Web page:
Doc's note: Valuation matters. Buying businesses at cheap prices will always beat buying them when they're expensive. The same holds true with stocks, but how do you know when stocks are cheap?
Today, my colleague and True Wealth Systems editor Dr. Steve Sjuggerud shares his secret on valuing stocks.
And if you want to know some of the best stocks to buy right now, check out True Wealth Systems. Just last week, Steve released a portfolio of nine investments to profit from his "Melt Up" thesis.
Quick! What's the most classic measure of stock market value?
If you said "the P/E ratio," then congratulations… You are right.
Next question! Are stocks cheap or expensive today?
Yes, it's a trick question…
If you've been reading my work recently, then you probably know my answer already. Stocks are actually cheap according to the main long-term measure of value.
The problem is, if you say this to the people in your life, most of them won't believe you…
Everyone knows that stocks have gone up for almost 10 years now – without a losing year. So it would be crazy for stocks to be cheap today, right?
Today, I'll tell you a secret nobody wants to hear: It's not crazy at all…
Let me share one number with you: 13.8.
That's the price-to-earnings (P/E) ratio of the U.S. stock market, based on analyst estimates of stock market earnings over the next two years. This is also known as the two-year forward P/E ratio.
This, my friend, is a low number… It's lower than its average value, going back 22 years.
Let me repeat that… The two-year forward P/E ratio today is below its average value going back to 1996.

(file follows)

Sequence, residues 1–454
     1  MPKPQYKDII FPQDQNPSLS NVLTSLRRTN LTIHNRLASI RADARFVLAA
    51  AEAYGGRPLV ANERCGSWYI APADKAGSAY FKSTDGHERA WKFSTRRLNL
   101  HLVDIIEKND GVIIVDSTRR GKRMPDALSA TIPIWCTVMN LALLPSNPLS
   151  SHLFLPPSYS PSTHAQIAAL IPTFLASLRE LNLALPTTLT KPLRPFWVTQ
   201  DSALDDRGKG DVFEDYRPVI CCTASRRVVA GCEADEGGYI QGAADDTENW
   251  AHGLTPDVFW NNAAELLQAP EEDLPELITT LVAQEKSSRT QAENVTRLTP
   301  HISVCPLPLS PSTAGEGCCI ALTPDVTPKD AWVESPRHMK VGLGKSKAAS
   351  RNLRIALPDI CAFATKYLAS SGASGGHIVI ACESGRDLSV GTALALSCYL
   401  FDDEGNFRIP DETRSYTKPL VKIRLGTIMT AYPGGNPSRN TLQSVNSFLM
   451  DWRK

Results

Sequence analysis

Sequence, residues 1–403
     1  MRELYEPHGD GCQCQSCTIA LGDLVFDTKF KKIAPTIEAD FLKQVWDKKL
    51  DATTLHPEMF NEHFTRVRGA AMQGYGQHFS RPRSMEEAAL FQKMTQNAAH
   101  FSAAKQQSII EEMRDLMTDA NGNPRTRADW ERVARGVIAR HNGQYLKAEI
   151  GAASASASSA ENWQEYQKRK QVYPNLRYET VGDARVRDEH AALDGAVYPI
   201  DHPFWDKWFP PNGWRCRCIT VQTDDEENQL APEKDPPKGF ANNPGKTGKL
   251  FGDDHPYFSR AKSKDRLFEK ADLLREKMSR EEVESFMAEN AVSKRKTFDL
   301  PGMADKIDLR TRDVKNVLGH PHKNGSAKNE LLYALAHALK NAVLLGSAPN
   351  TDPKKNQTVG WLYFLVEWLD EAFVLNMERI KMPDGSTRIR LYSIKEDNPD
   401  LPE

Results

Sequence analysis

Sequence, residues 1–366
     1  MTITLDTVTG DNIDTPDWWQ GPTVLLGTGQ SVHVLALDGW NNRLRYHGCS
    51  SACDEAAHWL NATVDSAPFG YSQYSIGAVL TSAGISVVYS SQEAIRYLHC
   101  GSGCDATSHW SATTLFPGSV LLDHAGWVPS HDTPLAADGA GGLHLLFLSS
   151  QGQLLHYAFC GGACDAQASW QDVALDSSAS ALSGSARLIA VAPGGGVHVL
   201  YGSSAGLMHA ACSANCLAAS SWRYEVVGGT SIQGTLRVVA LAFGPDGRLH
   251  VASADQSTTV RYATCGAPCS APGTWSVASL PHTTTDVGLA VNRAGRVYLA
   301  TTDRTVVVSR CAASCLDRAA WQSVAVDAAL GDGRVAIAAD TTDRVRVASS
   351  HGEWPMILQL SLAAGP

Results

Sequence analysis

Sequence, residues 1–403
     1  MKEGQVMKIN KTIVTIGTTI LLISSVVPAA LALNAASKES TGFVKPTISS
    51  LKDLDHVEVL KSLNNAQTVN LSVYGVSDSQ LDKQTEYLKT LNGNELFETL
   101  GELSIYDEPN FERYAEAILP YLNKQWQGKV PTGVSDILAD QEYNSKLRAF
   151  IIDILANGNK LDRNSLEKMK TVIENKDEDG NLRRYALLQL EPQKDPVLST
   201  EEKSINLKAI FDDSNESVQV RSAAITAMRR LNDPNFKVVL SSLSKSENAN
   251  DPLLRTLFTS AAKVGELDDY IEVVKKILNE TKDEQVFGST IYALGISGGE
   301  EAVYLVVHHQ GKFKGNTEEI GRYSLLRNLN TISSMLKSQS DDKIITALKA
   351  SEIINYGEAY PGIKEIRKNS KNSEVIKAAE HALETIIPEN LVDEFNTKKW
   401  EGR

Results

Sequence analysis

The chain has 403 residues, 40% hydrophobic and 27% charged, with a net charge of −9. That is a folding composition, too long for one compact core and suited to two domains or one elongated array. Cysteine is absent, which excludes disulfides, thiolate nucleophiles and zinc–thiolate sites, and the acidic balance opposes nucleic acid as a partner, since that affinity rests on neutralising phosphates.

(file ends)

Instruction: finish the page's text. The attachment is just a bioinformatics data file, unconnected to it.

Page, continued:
How could the two-year forward P/E ratio be low after 10 years of good times in stocks?
The answer is simple: Earnings growth.
Some numbers from Bloomberg tell the story…
U.S. corporate earnings are growing at an astounding pace. And the consensus of analysts surveyed by Bloomberg is that earnings growth will continue. Take a look…
Specifically, analysts expect corporate earnings to grow from 138 this year to a whopping 197 by the end of 2020, two years from now. So when we look at the P/E ratio, if we leave the "P" the same, and we plug in those future numbers for the "E" – we end up with a radical result: Stocks are below their average value since 1996.
Will these analysts be right about future earnings? We can't know for certain. But short of a crystal ball, analyst projections give us a pretty good idea to work with.
My point today is simple:
- Don't let 10 years of gains in stock prices cloud the truth.
- Thanks to crazy earnings growth, the two-year forward P/E ratio of stocks is below its average value going back to 1996.
- Today's valuation is not "standing in the way" of even higher stock prices.
I am certain plenty of folks will want to argue with me…
They have made up their minds that stock prices have to fall… So they only look for facts they can use to confirm their belief.
But what if we just look at the basic facts, by themselves?
The P/E ratio is the all-time classic measure of value… And the two-year forward P/E ratio is trading just below its average value over the past 22 years.
Those are the facts.
And that's why I will keep on shouting them from the rooftops…
Most people believe that – after 10 years of higher stock prices – stocks can't possibly go higher. The secret is, they can…
And as we enter the final stages of the Melt Up, the time to profit is now.